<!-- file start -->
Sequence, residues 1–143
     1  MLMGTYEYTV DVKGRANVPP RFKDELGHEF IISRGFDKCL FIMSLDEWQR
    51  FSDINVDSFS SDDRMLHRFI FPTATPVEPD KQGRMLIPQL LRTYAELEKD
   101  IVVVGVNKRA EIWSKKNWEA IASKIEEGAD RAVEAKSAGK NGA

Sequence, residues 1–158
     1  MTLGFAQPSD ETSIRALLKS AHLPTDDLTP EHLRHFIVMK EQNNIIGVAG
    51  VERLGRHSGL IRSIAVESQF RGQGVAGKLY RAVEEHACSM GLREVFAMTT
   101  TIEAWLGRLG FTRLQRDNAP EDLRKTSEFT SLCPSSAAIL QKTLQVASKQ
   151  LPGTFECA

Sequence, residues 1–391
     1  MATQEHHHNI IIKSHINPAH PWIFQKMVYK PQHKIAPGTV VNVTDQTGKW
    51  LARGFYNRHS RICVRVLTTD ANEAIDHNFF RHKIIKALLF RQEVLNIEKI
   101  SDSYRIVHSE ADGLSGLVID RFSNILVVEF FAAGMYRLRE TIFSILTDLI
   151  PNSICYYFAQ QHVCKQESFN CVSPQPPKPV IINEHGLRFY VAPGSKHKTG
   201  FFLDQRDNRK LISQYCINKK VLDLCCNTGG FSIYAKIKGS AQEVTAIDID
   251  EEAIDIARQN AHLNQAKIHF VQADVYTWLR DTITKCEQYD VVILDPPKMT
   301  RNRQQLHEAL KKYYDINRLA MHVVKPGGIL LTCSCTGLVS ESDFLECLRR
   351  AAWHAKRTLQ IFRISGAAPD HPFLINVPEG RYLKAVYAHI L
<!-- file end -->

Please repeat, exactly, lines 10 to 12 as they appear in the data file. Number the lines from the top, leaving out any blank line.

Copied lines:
Sequence, residues 1–391
     1  MATQEHHHNI IIKSHINPAH PWIFQKMVYK PQHKIAPGTV VNVTDQTGKW
    51  LARGFYNRHS RICVRVLTTD ANEAIDHNFF RHKIIKALLF RQEVLNIEKI